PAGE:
Written on Sunday, November 05, 2006 by Gemini
Conservators trying to restore a 1,900-year-old statue of Venus have put their heads together with airline maintenance inspectors who usually scrutinise welds and repairs in jet engines for any cracks.
Officials at the Michael C Carlos Museum at Emory University this summer bought the Roman marble statue and its head, which had broken off sometime in the past 170 years. On Thursday, they enlisted the help of Delta Air Lines inspectors at Hartsfield-Jackson Atlanta International Airport, who took Xrays of the statue and the head to try to determine where the statue has been broken before and how repairs are holding up.
Conservators will look for rusting metal pins that might have been inserted to fix cracks. Once they establish the condition of those repairs, which could date from antiquity to as recently as 200 years ago, they will know how best to put the 4-foot-6-inch statue back together.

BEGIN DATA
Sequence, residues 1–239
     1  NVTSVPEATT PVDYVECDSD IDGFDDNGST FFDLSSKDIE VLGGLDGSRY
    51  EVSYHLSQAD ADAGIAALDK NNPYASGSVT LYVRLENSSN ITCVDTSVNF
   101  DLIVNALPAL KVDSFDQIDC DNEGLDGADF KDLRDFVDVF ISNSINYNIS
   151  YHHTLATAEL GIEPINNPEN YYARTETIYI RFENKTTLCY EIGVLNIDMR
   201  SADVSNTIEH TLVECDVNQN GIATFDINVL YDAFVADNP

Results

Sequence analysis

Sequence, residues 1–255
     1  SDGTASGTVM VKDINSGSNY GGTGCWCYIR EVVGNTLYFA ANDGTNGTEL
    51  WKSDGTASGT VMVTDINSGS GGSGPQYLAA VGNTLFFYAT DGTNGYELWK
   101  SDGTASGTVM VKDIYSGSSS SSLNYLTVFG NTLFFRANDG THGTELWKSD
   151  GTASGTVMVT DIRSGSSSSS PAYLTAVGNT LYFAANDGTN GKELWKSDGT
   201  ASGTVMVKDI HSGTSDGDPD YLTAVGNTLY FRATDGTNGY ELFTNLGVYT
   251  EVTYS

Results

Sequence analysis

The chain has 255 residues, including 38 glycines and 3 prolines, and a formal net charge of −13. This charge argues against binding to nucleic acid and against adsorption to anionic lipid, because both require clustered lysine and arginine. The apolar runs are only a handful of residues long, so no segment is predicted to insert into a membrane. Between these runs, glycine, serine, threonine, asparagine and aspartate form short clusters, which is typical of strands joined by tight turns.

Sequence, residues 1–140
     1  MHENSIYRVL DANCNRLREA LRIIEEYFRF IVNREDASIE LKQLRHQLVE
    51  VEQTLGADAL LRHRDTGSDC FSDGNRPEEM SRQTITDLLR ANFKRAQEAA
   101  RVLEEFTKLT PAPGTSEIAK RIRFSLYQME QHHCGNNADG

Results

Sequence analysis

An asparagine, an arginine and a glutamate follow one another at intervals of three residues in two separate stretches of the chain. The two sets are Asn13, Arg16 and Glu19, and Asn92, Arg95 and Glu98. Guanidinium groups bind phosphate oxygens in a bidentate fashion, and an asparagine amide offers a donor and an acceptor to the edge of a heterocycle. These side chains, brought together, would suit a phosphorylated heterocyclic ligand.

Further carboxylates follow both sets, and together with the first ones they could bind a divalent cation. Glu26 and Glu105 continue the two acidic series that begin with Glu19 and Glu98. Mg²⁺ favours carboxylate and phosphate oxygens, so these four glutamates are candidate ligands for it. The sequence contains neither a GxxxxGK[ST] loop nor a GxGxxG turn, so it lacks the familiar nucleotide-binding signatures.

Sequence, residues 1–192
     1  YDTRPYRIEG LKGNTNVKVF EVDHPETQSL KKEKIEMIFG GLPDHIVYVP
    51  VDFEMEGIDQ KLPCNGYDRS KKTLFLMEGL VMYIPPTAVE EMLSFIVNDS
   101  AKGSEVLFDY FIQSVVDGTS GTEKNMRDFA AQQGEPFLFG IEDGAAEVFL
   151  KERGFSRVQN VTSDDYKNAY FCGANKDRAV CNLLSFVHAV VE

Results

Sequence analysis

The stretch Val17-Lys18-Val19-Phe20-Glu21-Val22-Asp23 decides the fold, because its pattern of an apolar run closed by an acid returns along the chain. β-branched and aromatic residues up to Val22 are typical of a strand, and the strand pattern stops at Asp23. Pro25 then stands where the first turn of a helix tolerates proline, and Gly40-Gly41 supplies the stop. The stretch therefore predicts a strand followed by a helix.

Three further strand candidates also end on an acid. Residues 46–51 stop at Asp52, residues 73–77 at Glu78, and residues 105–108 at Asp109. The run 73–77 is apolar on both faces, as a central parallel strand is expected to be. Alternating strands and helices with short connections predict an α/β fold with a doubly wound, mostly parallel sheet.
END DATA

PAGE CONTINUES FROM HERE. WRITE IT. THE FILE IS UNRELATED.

“I spend two-thirds of my time reversing other people’s good intentions,” museum conservator Renee Stein said jokingly of repairs. The statue is a copy of a Greek bronze sculpture that scholars say is the most widely reproduced female statue in antiquity.
While there are thousands of images of Venus in all sorts of sizes and materials, this restoration is significant as few statues are as large and nearly intact as this one, missing only the right arm. “When statue pieces go down different roads, and they’re recognised, bought, and put back together, it’s extremely noteworthy,” said Francesco de Angelis, a professor of Roman art at Columbia University.